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Scores of UK stars back remaining in EU

Do Not UseDo Not Use 20/05/2016
Cameron and Jowell: David Cameron and Labour's Tessa Jowell recreated the Beatles' famous Abbey Road album cover on a visit to the studios © Reuters David Cameron and Labour's Tessa Jowell recreated the Beatles' famous Abbey Road album cover on a visit to the studios

Jude Law, Keira Knightley and Benedict Cumberbatch are among stars who have signed a letter saying Brexit would "damage" the creative industry.

Almost 300 actors, musicians, writers and artists are backing calls for the UK to stay in the EU.

They say "vital EU funding" and work across borders has been key to projects from galleries to blockbusters.

But House of Cards author Lord Dobbs said British success in the industry was "not because of the EU".

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Among others backing the letter are actors Bill Nighy, Chiwetel Ejiofor, Sir John Hurt, Sir Patrick Stewart and Thandie Newton, architect Richard Rogers, artist Tracey Emin, author John le Carre, comedian Jo Brand, fashion designer Vivienne Westwood, director Richard Curtis and writer Philip Pullman.

'Shouting from the wings'

The letter, organised by the Britain Stronger in Europe campaign, says: "Britain is not just stronger in Europe, it is more imaginative and more creative, and our global creative success would be severely weakened by walking away."

It adds: "Leaving Europe would be a leap into the unknown for millions of people across the UK who work in the creative industries, and for the millions more at home and abroad who benefit from the growth and vibrancy of Britain's cultural sector."

"We believe that being part of the EU bolsters Britain's leading role on the world stage. Let's not become an outsider shouting from the wings."

The Stronger In campaign says that more than 2.2 million people are employed in the UK's creative industries and digital sector.

It argues that the creative and digital industries export billions of pounds of services to the EU and are among the fastest-growing sectors of the UK economy.

Prime Minister David Cameron met some of the stars campaigning for Remain at a visit to the famous Abbey Road studios in London, with former Labour culture secretary Tessa Jowell.

Alan Johnson, chair of the Labour In for Britain campaign, said leaving the EU would mean higher tariffs on exports and digital and creative industries were "better off with the UK in EU" with access to the single market.

But speaking in a personal capacity, the Conservative peer and author Lord Dobbs, said: "Our creative industries are booming because of the talent that is in Britain's DNA.

"We are world leaders in so many creative areas. From theatre to literature, video games, feature films, fashion, music and so much else, British artists lead the way and are celebrated around the globe.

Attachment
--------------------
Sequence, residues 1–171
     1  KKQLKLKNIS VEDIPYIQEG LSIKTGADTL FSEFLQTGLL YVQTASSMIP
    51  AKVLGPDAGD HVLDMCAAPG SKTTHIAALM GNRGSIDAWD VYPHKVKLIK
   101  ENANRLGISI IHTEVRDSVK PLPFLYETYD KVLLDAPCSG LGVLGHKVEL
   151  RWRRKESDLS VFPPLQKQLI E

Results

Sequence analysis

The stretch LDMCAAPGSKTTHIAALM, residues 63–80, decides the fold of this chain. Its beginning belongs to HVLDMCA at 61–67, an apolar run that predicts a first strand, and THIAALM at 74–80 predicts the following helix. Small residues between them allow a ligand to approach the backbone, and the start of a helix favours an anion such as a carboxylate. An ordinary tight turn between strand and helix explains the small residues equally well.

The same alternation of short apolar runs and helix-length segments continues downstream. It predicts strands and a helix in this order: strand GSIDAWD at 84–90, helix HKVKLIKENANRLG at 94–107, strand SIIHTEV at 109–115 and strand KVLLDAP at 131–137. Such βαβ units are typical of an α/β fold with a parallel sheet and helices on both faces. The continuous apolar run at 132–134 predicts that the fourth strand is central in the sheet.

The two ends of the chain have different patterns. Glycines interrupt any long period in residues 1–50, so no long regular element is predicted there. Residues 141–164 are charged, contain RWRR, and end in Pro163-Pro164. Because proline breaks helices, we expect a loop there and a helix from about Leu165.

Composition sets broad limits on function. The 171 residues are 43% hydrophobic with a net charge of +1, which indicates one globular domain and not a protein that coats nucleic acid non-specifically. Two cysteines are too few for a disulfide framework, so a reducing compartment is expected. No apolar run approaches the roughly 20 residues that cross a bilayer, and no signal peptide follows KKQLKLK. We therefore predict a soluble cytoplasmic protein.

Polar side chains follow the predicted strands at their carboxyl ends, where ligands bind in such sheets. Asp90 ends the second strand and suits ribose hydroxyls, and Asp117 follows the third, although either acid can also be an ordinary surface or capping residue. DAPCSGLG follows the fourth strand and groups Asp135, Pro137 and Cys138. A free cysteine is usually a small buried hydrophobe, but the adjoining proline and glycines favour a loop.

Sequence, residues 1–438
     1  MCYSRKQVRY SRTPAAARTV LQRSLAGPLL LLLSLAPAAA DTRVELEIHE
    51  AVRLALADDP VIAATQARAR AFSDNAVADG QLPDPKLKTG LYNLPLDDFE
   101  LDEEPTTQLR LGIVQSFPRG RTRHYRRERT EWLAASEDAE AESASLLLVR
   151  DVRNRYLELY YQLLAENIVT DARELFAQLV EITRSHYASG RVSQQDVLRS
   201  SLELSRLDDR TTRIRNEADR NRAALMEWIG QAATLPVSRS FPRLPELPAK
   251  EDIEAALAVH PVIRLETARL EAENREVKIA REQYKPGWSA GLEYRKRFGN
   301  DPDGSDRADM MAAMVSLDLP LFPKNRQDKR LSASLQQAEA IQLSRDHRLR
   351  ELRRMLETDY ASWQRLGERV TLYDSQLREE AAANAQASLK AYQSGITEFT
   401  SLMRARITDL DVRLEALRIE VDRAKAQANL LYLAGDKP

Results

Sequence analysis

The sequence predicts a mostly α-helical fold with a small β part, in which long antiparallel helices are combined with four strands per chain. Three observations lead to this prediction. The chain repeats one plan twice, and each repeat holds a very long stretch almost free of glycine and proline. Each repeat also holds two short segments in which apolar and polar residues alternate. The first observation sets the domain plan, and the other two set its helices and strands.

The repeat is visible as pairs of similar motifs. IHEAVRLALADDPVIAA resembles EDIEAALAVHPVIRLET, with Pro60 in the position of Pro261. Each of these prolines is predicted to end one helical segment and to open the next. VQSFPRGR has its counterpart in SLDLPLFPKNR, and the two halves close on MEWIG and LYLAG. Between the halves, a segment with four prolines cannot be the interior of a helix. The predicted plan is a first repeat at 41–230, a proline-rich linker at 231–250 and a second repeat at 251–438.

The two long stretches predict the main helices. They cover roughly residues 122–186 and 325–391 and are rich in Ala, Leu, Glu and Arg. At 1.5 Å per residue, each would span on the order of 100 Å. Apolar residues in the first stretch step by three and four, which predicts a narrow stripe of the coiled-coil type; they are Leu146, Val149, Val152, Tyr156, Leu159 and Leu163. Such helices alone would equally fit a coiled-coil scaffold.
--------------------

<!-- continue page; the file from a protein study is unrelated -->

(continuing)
"It's a success that has been created by the dedication, hard work and extraordinary creative abilities of our artists, it's not because of the EU."

He added: "Culture owes nothing to committees.

"Ancient Greece was the birthplace of our civilisation yet today, because of the EU's appalling policies, streets that were once filled with the world's greatest philosophers and playwrights are choked with desperate beggars and mountains of rotting rubbish.

"These are the realities of the EU. It's failing. The dream is dead. We need to move on."

Conservative Justice Secretary Michael Gove said he did not think people should be "swayed by celebrities".

Meanwhile Canadian PM Justin Trudeau has entered the debate, warning that Canada's own trade deal with the EU had taken more than ten years to negotiate and was yet to enter force.

"There's nothing easy or automatic about that," he said.

"Britain is always going to have clout, it's just obviously amplified by its strength as part of the EU. I believe we're always better when we work as closely as possible together and separatism, or division, doesn't seem to be a productive path for countries."

The former president of the European Central Bank, Jean-Claude Trichet, has defended Bank of England Governor Mark Carney's intervention in the debate last week, when he warned that a vote to leave could cause a recession.

Mr Trichet told BBC's This Week's World there was an "obligation" for the central bank to "say candidly what they see".

Those behind the campaign for the UK to leave the European Union said Mr Carney had breached his obligations on impartiality by emphasising only the risks of Brexit.

Leave campaigner Iain Duncan Smith told the BBC he "wouldn't expect" a major financial institution to back the Leave campaign "because they all wanted to protect the status quo".

And Lord Lamont, a former chancellor, has described "this daily avalanche of institutional propaganda" as "ludicrous and pitiful".

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